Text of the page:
On business tax/corporate tax
    On business tax, Jean Delaney, Tax Partner, PwC said ” the Minister’s plans for encouraging focus on emerging markets, dealing with high value skills shortages and driving innovation are to be welcomed”. On corporate tax, Jean Delaney added “that the Minister affirmed again the Government’s commitment to the 12.5% tax rate while introducing changes to the R&D tax credit regime designed to encourage SME’s in particular”.

    On Pensions
    On Pensions Alan Bigley, PwC Pensions Partner, said “The Minister has introduced a relatively small number of revenue generating measures in the Pensions area principally around distributions from ARF’s and the full abolition of employer PRSI relief on employee pension contributions.

    However despite signals to the contrary there have been no further reductions in the Standard Fund Threshold or the tax relief applying to pension contributions.

    The Minister has stated that incentives for supplementary pension will have to be reformed.

    We would see these reforms as possibly including:

    • Further reductions in the Standard Fund Threshold.
    • Reductions in tax relief on contributions.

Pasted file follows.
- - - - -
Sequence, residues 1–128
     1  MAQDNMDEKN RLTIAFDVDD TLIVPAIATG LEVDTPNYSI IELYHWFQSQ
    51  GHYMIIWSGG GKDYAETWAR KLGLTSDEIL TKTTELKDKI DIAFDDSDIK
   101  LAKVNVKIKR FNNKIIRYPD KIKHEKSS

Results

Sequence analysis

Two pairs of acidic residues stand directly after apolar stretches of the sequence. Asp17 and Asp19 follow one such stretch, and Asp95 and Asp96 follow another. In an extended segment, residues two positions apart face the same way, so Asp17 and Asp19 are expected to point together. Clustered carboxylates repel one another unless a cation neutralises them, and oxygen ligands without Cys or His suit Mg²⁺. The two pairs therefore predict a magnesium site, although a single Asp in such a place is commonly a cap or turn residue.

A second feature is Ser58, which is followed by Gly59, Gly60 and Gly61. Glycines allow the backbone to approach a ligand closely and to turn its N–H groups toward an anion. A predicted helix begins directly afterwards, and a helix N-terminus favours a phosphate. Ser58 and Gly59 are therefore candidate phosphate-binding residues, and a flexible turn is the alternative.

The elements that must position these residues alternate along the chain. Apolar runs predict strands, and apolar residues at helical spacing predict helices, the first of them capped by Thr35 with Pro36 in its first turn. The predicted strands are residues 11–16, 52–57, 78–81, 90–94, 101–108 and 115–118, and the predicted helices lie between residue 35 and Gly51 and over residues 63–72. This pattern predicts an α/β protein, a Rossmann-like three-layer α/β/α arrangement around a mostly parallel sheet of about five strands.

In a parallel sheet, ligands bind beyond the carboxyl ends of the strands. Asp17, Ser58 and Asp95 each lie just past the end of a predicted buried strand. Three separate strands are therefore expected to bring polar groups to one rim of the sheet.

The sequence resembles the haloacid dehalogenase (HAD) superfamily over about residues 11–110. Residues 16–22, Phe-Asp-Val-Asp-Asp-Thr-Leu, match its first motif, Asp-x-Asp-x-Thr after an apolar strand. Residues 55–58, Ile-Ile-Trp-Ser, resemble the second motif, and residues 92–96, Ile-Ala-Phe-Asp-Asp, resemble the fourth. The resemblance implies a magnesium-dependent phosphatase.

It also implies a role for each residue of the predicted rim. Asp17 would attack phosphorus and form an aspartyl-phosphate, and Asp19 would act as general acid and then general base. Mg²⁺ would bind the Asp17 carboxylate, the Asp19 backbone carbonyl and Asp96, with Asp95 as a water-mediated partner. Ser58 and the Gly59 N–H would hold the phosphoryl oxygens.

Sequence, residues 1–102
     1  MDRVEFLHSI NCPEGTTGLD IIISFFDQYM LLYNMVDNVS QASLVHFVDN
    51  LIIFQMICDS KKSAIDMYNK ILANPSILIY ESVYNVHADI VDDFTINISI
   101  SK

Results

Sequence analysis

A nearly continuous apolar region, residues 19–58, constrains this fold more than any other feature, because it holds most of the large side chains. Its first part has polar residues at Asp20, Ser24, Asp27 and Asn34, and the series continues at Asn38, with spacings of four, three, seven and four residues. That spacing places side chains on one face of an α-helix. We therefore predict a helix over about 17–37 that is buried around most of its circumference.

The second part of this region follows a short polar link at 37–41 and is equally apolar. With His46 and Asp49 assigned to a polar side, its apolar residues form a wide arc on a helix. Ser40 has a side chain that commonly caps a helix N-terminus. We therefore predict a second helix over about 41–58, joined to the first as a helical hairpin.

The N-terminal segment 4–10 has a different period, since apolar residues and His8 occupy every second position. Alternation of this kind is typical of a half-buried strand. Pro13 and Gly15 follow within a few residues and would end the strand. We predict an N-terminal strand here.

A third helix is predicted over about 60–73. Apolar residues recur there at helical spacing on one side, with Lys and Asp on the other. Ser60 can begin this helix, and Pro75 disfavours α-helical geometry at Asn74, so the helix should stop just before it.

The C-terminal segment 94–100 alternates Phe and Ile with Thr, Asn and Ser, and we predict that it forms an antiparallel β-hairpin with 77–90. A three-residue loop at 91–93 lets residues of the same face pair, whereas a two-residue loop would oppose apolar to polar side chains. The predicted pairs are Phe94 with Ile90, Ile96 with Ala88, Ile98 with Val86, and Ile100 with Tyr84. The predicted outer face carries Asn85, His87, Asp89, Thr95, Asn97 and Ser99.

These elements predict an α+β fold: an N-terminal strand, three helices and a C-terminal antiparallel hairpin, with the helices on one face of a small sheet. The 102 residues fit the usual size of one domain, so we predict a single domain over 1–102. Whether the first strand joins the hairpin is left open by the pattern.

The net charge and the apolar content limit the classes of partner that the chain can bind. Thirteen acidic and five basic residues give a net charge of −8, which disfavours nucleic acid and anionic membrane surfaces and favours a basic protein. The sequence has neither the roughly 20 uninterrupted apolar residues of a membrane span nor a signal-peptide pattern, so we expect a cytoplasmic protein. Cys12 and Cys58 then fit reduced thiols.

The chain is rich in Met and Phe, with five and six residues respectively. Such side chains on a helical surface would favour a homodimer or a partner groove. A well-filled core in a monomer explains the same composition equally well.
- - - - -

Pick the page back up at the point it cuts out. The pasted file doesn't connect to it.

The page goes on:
• Possible retention of the pensions levy.

    It is unfortunate that we have continued uncertainty in the regime which will apply to taxation of pension savings in the medium term. Pension savings are a long term commitment and individuals need to have certainty as to the taxation regime which will apply to these commitments.

    On stamp duty/capital gains/property
    On stamp duty and capital gains tax, Tim O’Rahilly, Tax Partner, PwC said “The Minister has reduced the top rate of Stamp Duty on commercial real estate from 6% to 2%. In addition, he has introduced a Capital Gains Tax exemption for property purchased between today and 31 December 2013 provided the property is held for seven years. There measures are very welcome as they make Irish real estate relatively attractive from a tax perspective for Irish and international investors. “